So is there anything more? And the answer is maybe yes. I like to think so. There’s a new technology, it’s called Pre-Exposure Prophylaxis — prophylaxis in this case I use to mean prevention — and we abbreviate that PrEP. And PrEP is this concept of taking a pill, it’s an anti-HIV pill, and you take it every day and it prevents you from getting HIV infection.

Now you might stop right there and say, “Hold up. That’s crazy. That’s absolutely nuts. Why would you give an anti-HIV medication to someone who doesn’t have HIV? It must have side effects. It’s probably expensive. I’m going to have to go to the doctor, I’m going to have to have blood tests. What a pain in the neck. That’s insane.”

Or is it?

We are actually part of an era of medicine where we’re changing from the past, where people would only go to the doctor when they already had a disease or a problem to get treated to this sort of, this model where we try and prevent disease, a preventive revolution if you will. And if you think about it, we do this all the time. People take aspirin or blood pressure medications, cholesterol-lowering medications, to prevent heart attacks and strokes. People take calcium and vitamin D to prevent fractures from osteoporosis or weak bones. And I want to be very clear that I’m aware that pregnancy is not a disease, but don’t some women take a birth control pill every day regardless of whether or not they’re planning to have sex without a condom on that day because they don’t want to get pregnant if they do, and they want the confidence to be able to not have to worry about it and be prepared?

Well it turns out PrEP for HIV is exactly the same thing. It’s a pill that you take every day regardless of what your plans are regarding having sex at all, much less condomless sex, because you don’t want to get HIV if you happen to come in its way.

So you might say “Okay, well that sounds interesting, but does it work?” And I get asked this a lot and the answer is yes. The clinical trial data show us that if taken every day as prescribed, it’s more than 90 percent protective against getting HIV infection, some people say as much as 99 percent protective against HIV infection. Nothing is perfect, nothing’s 100 percent, that’s important to remember, but it’s pretty darn good.

And you might say then, “All right, if I believe you about that, it must have horrible side effects. It must be incredibly toxic.” And it turns out it’s kind of not. We have a lot of experience with some of these medications because it’s a piece of an HIV cocktail that you would treat to someone who has HIV infection, so we know its safety profile, and sure it requires some blood test monitoring and some careful understanding of things to watch out for. But there aren’t any showstoppers that would make you say “this isn’t safe, don’t do that,” particularly for people who are at risk.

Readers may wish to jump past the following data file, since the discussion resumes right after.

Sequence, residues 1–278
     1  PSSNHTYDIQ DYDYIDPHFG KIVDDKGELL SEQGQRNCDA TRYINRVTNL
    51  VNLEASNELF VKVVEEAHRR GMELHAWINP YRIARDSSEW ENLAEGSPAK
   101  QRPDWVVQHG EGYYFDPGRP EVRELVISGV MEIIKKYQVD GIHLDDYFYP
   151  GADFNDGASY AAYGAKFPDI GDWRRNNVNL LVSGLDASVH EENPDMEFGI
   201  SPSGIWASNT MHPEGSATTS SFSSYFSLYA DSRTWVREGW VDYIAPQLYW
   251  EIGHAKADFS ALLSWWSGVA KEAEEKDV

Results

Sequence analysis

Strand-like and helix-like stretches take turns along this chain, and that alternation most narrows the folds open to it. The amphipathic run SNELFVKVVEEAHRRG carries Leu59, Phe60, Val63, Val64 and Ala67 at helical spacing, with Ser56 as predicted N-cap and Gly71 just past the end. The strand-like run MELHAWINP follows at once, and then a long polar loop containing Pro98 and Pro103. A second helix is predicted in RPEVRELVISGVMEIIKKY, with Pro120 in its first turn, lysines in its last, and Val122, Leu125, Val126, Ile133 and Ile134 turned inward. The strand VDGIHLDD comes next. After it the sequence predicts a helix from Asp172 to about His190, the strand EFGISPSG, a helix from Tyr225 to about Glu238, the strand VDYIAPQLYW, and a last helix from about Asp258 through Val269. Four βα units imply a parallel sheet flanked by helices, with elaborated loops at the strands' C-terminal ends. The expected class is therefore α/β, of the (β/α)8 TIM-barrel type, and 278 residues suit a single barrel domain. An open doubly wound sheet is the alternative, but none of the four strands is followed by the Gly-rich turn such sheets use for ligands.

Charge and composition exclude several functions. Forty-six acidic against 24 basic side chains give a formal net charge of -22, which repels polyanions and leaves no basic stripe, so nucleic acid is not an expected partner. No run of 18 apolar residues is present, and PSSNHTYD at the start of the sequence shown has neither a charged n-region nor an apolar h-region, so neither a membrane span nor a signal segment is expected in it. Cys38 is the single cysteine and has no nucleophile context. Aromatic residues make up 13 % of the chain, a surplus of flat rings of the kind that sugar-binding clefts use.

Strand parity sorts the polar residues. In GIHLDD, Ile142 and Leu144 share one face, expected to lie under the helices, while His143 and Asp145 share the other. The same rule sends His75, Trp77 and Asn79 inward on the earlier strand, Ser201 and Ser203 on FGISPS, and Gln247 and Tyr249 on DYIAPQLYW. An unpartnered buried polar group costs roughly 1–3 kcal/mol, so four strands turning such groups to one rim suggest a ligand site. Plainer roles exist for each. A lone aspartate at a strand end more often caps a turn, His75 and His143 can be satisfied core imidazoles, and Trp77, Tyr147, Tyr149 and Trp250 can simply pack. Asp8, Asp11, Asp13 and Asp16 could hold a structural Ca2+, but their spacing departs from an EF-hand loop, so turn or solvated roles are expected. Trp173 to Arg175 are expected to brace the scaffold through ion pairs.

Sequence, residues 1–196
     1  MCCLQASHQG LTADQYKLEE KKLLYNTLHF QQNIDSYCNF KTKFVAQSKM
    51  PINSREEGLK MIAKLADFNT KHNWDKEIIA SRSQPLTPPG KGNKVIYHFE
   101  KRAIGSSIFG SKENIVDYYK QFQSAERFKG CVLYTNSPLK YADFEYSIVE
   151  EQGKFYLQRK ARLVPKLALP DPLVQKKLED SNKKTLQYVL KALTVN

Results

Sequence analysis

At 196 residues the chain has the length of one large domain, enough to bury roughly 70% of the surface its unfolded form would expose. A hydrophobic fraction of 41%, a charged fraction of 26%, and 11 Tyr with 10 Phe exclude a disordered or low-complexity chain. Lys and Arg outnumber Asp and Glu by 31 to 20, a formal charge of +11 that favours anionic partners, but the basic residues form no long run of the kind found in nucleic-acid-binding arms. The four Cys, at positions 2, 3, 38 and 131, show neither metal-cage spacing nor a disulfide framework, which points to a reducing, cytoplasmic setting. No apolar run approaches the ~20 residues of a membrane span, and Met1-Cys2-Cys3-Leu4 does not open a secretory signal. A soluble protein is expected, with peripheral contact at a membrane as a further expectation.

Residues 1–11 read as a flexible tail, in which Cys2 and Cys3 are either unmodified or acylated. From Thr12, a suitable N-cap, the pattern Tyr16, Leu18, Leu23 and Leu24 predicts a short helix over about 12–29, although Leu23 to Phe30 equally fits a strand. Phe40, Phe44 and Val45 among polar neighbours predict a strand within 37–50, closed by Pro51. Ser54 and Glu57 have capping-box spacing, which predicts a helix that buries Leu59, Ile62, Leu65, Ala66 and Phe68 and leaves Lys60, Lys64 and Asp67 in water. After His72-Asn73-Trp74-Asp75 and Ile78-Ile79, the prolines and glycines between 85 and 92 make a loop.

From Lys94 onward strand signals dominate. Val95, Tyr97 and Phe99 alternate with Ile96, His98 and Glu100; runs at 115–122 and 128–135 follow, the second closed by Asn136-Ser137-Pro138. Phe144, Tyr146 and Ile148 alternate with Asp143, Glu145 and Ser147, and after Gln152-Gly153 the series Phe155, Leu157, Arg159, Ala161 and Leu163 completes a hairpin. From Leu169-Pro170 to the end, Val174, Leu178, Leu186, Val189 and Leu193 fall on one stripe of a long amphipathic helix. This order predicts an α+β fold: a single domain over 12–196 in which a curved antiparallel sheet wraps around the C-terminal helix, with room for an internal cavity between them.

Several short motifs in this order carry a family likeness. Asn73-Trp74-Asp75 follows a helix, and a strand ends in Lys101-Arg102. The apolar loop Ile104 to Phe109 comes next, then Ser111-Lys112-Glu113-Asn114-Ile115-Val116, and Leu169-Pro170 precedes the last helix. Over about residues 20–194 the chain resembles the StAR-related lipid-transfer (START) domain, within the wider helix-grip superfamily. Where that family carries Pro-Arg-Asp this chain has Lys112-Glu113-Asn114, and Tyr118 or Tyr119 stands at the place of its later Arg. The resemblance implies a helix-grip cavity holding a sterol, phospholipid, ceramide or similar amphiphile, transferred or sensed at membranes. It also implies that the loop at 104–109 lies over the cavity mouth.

So if you say, “Okay, I’ll grant you that. Why on earth don’t I know about that?” Well I actually give PrEP to a fair number of patients who come to see me in clinic and I’m surprised by how many people have never heard about this. It kind of blows my mind, this has sort of been approved by the FDA in the United States since 2012, and the clinical trials have had the data to support it since 2010.

But even more concerning is I’ve heard some horror stories of patients who have heard about this who’ve gone to doctors and some of those doctors have no idea what this is. And patients have to educate the doctors about this. So I’m more and more encouraging people to educate themselves before they go to the doctor so that they can educate providers who might not have heard about this. I find that scary.

But what’s even more disheartening is there are some providers out there who are completely anti-PrEP. They’ll tell people not to do it. Worse, they’ll shame people who come in asking for it. We call that slut-shaming. They’ll say, “You’re promiscuous if you want to go on this. Can’t you just use a condom?”

There is a billboard in Hollywood that went up this week that says “Grow Up, America. Use a Condom.” But with the number of new infections we’re having every year, clearly that’s not working. I think that really has no place, that sort of moralism has no role when we have a public health issue of this kind. We need new inventions, interventions.

I also worry a lot about whether people who are most at risk for HIV have never heard about this. People who are less plugged into mainstream communities, into medical systems, who have medical mistrust, and I worry about how we can do a better job about letting people know that this works and it’s available.